Building and managing Python libraries

Pierre B.
Pierre B.
Apr 29 · 4 min read

MeilleursAgents guidelines to make maintainable Python libraries.

This article is part of a series about backend web development practices at MeilleursAgents. These are internal documents that we are making public to share how we do things and to get feedback from the community.

We’ll take the example of a library named , if for MeilleursAgents and our libraries should have this prefix.

Naming

Root folder:

Source package:

Library name:

Folder structure

MA-Super-Lib/
dist/
ma_super_lib/
tests/
Jenkinsfile
Makefile
MANIFEST.in
README.md
setup.cfg
setup.py

Configuration

setup.py

setup.cfg

MANIFEST.in

see

We use in , so all files and packages in the directory of will be included. But we do not want to add the directory to the distribution, removes the directory from the distribution

⚠️ why not use to exclude tests in the first place? As far as we know, if you do this you will not be able to lint the package.

Makefile

Versioning

Use semantic versioning: https://semver.org/

For version identifiers, follow this PEP specification: https://www.python.org/dev/peps/pep-0440

Should I pin my dependencies versions?

Use version ranges: major versions as maximum version and current version as minimum version.

Why?

Even though every MeilleursAgents project using your library will pin a version of your library and its dependencies, we don’t want a library breaking when new versions of its dependencies are available.

Here is a timeline we don’t want:

  • day 1: there is a need for a library on project P, we decide to implement MA-Super-Lib
  • day 10: MA-Super-Lib with dependency D is published, D is not a MeilleursAgents library and does not have a pinned version, MA-Super-Lib version is 1.0.0
  • day 11: project P uses MA-Super-Lib it pins MA-Super-Lib version to 1.0.0 and dependency D version to 3.4.5
  • day 150: a new version of dependency D is published: 4.0.0 ⇒ risk of breaking changes
  • day 200: project Q starts, developers decide to use MA-Super-Lib but to their surprise it doesn’t work anymore, version 4.0.0 of dependency D introduces a breaking change that makes it incompatible with the implementation of MA-Super-Lib

Why not pin version instead of using version ranges?

It is too restrictive and will end up being a problem if your project or your project dependencies share dependencies with your library.

Here is a timeline we don’t want:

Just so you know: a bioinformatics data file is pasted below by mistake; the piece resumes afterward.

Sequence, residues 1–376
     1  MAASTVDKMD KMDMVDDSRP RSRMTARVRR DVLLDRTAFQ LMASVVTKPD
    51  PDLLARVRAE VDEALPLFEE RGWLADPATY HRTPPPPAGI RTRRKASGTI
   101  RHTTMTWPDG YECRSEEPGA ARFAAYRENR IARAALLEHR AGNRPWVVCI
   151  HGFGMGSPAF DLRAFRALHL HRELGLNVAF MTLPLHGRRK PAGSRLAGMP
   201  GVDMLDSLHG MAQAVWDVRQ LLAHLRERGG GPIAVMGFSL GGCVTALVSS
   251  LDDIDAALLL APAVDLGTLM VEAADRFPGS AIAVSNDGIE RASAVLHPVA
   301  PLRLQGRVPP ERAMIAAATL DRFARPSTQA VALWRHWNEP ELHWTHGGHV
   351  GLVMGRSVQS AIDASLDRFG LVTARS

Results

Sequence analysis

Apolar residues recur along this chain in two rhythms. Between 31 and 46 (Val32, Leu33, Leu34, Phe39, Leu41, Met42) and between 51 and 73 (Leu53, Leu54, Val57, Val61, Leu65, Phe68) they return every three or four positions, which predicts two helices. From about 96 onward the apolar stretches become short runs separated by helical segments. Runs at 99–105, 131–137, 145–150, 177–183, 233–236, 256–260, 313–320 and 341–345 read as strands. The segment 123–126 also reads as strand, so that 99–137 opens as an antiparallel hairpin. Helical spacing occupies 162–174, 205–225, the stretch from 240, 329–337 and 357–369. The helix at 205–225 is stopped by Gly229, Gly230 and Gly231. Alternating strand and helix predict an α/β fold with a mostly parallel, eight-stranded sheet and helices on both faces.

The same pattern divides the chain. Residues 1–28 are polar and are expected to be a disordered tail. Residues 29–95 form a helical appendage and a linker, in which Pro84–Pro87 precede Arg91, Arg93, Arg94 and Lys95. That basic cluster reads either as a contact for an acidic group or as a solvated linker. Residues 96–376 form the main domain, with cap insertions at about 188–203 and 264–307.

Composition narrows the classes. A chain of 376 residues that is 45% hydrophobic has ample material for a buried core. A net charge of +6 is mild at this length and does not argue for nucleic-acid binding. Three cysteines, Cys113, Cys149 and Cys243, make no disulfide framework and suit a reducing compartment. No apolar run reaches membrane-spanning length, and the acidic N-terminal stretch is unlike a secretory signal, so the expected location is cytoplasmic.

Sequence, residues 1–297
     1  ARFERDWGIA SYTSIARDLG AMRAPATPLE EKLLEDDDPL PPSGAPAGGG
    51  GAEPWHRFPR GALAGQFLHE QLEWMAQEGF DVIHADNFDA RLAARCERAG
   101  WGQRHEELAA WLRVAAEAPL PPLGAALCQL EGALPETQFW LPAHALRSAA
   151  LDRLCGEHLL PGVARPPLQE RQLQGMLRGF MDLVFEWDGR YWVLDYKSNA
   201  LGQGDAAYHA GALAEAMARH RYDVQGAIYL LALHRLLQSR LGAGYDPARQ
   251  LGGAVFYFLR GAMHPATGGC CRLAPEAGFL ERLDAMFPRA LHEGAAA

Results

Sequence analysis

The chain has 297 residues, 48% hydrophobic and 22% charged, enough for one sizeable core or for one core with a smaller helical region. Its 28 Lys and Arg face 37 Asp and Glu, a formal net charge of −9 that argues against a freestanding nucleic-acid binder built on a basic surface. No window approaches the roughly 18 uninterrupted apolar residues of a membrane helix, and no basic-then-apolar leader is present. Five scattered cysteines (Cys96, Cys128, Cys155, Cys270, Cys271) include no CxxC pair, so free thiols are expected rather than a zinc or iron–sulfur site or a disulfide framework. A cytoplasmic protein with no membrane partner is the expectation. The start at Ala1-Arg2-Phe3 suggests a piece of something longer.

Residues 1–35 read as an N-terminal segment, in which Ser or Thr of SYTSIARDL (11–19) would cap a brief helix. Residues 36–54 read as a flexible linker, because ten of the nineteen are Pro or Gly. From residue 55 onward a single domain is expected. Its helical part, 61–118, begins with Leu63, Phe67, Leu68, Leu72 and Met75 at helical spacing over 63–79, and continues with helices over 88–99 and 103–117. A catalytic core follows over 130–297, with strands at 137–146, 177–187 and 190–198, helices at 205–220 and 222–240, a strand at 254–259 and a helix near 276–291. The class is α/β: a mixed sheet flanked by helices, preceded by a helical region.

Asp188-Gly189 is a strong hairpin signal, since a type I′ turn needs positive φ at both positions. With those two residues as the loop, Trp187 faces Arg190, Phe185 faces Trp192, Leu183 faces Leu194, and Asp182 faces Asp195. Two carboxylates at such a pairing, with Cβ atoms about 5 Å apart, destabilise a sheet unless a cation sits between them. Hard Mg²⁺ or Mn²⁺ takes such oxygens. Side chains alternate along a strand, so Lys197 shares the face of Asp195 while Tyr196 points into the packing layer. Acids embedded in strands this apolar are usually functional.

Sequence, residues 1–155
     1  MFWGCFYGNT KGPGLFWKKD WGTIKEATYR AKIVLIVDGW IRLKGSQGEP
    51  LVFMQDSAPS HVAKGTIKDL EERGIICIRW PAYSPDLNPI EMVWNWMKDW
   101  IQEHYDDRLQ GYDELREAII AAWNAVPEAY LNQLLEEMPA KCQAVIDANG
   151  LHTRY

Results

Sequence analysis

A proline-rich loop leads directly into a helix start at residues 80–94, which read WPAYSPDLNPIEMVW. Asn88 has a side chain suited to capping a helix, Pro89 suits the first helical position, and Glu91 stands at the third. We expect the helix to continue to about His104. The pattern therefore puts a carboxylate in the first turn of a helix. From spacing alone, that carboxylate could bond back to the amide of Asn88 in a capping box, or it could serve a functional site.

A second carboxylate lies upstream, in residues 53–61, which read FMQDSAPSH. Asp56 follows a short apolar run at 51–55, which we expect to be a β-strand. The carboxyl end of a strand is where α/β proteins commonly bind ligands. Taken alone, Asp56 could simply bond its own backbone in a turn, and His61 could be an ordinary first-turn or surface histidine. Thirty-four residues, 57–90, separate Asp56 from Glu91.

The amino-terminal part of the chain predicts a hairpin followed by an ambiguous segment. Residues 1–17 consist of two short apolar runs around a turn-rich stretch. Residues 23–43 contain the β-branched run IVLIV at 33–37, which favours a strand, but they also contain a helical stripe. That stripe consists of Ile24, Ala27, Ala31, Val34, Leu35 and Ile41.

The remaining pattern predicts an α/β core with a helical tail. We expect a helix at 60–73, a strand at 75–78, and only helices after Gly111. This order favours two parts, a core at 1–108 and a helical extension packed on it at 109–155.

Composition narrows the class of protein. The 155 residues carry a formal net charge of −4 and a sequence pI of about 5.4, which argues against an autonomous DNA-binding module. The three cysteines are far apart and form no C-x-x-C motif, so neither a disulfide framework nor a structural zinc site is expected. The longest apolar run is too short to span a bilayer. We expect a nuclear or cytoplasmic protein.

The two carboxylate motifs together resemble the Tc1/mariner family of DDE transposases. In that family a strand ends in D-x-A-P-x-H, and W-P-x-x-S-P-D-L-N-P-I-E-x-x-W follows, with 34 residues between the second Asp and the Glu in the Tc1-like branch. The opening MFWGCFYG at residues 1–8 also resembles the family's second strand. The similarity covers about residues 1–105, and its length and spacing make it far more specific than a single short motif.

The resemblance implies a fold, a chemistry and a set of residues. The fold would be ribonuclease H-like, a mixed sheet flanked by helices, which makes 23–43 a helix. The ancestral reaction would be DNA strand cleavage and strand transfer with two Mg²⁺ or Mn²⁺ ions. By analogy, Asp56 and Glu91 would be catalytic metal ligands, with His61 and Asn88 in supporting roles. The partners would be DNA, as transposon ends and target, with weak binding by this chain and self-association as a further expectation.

• day 1: there is a need for a library on project P, we decide to implement MA-Super-Lib
  • day 10: MA-Super-Lib with dependency D is published, D is not a MeilleursAgents library, MA-Super-Lib version is 1.0.0 and dependency D version is 3.4.5
  • day 11: project P uses MA-Super-Lib and library L, MA-Super-Lib and L share dependency D but L requires D==3.4.5 and M requires D>3.5,<4 ⇒ version incompatibility

Drawbacks of using version ranges

In theory, version ranges allow us to make sure our libraries will work while avoiding version conflicts in projects using our libraries. BUT this is only true if library developers stick to semver, this is not always the case and it is very much out of our hands.

Do not use version ranges, get the latest versions of your dependencies.

Why?

These dependencies are used for development and will not be part of your library distribution. Use the latest versions of your development tools to get the latest changes: new flake8 style guidelines, new pytest options, etc.

When a setup or tests dependency breaks

YOU are responsible for alerting the team if this happens.

YOU do NOT have to fix all the libraries using this dependency.

If you can fix it, great: fix it and add a ticket to the tech backlog listing libraries using it.

If you can’t fix it: find help and add a ticket to the tech backlog listing libraries using it.

Our libraries are not all in an active state of development meaning we have time to analyze and fix the problem across all of our libraries.

Development lifecycle

Locally

In projects using your library, install your library locally using in order not to have to publish releases for every change you make to your library.

Continuous integration

In projects using your library, update the project’s requirements with development releases and push your code so it goes through continuous integration.

Publish intermediate development versions and follow PEP440 for developmental releases:

0.0.1.dev0  # first development release
0.0.1.dev1 # second development release
1.0.0 # first stable release
1.0.1.dev0 # bugfix development
1.0.1 # bugfix release

Always publish development releases before publishing stable versions. It is very useful for continuous integration as we can make sure the library is working for projects using it.

Let’s say you have to implement a new feature that requires you to edit your library:

⚠️ Do not merge development versions. Right now, there is nothing to prevent you from doing so, be careful.

Publishing

Continuous integration takes care of publishing releases.

For development releases use and , we use packagecloud to manage our packages. All you need is a in your home directory.

Miscellaneous

Why not use pip to handle requirements?

Use as few tools as possible! Setuptools is enough (for libraries).


If you are interested in joining MeilleursAgents, we are hiring! Take a look at our job board to see if there’s a role for you!

MeilleursAgents Engineering

MeilleursAgents Engineering Teams (Product, Web & Data Teams)

Pierre B.

Written by

Pierre B.

Engineering manager @MeilleursAgents

MeilleursAgents Engineering

MeilleursAgents Engineering Teams (Product, Web & Data Teams)